But beyond forgiveness and positional righteousness, this concept of “we might become the righteousness of God” is the enablement for living the way God intends for us to live.

Profoundly Encouraging

In light of the substitutionary death of Christ (5:14-15, 21) we become new creatures.

17 Therefore, if anyone is in Christ, he is a new creation. The old has passed away; behold, the new has come. (ESV)

That is profoundly encouraging because it states it as a result. If we are in Christ we are new creatures, not, we some day will become new creatures. While we are not yet what we should be . .

2 Corinthians 3:18 And we all, with unveiled face, beholding the glory of the Lord, are being transformed into the same image from one degree of glory to another. For this comes from the Lord who is the Spirit. (ESV)

We are new creatures.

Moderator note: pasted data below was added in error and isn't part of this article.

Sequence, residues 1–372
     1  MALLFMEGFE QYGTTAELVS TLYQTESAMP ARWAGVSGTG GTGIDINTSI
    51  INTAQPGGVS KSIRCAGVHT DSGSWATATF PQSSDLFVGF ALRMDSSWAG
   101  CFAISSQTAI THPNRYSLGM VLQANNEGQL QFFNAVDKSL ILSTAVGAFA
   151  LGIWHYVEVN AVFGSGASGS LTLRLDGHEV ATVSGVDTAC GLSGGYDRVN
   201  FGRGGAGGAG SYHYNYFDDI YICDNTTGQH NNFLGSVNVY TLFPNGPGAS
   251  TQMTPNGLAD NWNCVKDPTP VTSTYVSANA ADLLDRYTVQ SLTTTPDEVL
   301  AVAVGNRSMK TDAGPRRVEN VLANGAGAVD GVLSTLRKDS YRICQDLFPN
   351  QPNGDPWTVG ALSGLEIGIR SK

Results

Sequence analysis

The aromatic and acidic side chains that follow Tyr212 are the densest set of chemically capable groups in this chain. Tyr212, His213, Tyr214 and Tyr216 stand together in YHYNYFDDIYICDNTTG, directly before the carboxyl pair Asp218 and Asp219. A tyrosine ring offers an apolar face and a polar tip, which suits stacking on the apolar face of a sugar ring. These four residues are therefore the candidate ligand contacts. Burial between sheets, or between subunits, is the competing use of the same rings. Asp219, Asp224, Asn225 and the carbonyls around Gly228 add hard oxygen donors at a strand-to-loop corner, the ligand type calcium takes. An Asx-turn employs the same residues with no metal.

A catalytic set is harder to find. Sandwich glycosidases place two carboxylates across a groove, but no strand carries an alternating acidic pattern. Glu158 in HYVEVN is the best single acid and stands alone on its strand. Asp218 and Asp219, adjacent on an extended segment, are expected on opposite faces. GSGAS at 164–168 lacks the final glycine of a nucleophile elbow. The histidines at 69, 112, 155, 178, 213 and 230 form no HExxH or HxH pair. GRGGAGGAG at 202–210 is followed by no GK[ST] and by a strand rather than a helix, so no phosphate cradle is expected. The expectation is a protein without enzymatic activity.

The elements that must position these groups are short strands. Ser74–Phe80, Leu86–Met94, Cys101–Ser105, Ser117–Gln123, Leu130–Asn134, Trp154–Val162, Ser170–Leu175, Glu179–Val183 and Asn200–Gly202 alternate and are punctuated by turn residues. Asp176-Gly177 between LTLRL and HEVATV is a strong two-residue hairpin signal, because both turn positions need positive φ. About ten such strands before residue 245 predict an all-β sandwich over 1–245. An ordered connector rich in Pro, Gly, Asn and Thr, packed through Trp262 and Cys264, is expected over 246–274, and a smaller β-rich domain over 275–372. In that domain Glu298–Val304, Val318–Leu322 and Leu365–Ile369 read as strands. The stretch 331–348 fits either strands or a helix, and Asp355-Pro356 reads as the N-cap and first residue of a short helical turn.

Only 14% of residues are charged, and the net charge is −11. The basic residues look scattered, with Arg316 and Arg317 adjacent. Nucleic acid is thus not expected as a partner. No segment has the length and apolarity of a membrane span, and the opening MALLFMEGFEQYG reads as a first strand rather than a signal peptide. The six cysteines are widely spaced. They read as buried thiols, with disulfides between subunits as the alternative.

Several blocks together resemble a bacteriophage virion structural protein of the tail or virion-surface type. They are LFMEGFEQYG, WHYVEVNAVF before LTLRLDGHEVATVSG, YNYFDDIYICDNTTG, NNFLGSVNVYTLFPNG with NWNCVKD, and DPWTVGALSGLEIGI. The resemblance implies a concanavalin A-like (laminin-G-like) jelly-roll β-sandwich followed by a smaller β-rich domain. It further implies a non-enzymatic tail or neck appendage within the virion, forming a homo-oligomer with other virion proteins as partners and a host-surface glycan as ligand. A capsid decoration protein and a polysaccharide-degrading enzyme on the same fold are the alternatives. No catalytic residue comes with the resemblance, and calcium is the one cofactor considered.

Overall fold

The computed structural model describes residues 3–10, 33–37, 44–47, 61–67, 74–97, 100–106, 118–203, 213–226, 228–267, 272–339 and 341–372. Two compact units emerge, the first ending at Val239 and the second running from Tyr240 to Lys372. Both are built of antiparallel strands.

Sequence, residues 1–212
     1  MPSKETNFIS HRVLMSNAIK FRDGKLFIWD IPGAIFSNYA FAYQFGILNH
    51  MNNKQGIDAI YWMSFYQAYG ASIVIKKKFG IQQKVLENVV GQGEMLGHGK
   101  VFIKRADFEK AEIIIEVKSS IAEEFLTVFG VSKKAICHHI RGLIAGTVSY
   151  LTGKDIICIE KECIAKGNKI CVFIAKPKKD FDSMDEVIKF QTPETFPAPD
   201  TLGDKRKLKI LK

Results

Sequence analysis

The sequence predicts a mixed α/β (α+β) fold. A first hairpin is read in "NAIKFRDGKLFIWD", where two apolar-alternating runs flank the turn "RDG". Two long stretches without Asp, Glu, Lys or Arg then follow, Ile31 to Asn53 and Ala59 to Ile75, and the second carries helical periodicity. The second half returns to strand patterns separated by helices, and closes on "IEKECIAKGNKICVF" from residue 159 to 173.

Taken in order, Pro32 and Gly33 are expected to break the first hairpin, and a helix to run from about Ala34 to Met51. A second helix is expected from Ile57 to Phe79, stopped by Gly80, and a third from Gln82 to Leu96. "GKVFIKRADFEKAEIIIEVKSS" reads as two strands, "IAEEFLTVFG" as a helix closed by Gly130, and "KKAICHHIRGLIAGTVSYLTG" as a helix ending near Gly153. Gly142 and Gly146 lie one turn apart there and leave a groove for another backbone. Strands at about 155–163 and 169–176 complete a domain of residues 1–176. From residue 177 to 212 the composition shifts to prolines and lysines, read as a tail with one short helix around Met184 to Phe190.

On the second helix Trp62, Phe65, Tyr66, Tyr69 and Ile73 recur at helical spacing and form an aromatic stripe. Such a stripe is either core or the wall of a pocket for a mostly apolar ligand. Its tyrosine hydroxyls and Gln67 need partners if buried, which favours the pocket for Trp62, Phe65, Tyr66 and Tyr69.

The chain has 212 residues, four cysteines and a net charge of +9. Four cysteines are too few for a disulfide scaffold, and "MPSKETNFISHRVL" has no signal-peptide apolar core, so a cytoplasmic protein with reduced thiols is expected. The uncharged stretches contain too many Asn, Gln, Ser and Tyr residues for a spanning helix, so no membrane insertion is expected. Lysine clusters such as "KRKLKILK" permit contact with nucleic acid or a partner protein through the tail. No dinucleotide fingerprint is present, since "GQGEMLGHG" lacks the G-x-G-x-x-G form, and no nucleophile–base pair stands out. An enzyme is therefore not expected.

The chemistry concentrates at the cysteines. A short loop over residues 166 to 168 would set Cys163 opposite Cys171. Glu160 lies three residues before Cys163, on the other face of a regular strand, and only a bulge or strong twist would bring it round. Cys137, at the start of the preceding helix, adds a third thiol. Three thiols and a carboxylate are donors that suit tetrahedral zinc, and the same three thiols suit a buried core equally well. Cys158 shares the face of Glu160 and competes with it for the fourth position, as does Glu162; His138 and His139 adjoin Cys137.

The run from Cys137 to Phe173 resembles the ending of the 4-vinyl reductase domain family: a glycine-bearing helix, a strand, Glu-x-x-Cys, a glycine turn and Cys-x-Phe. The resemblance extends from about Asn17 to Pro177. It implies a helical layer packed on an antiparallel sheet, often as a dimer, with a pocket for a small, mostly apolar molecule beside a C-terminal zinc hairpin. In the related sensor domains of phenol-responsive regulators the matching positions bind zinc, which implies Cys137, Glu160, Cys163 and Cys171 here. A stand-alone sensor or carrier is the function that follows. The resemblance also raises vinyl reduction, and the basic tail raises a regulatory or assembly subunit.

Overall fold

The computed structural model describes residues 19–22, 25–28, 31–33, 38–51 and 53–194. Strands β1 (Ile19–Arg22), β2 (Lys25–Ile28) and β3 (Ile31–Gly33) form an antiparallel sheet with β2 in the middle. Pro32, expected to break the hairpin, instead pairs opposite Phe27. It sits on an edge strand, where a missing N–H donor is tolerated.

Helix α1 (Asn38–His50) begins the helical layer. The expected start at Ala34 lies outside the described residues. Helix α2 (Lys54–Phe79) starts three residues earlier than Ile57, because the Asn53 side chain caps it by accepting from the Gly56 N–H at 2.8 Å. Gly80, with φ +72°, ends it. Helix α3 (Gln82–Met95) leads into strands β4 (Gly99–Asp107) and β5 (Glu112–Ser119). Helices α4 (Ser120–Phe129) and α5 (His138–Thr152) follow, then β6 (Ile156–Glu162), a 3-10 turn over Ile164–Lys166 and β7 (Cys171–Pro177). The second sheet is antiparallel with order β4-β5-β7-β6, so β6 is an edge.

Profoundly Convicting

Being a new creatures is not only encouraging but convicting. Because I am a new creature, I must ask myself, am I “being transformed into His image?” “Am I living for Him or for me?”

15 and he died for all, that those who live might no longer live for themselves but for him who for their sake died and was raised.

What does living for Him look like?

11 Therefore, knowing the fear of the Lord, we persuade others. But what we are is known to God, and I hope it is known also to your conscience.

18 All this is from God, who through Christ reconciled us to himself and gave us the ministry of reconciliation;

20 Therefore, we are ambassadors for Christ, God making his appeal through us. We implore you on behalf of Christ, be reconciled to God.

When I am living for Him, I live for others.

I am a new creature transformed to live for Christ because He died for me.

I am a new creature transformed to live for Christ by living for others.

The Atonement–Part 1

Part 1

In response to a question by Brian (comment 1) and my response (comment 4), I wanted to review some basic beliefs and then look into an area I have not dealt with significantly.

In that earlier post I stated, “that God can not co-exist with sin” and a good friend challenged me on the precision of my statement and wondered how that statement could interact with theodicy.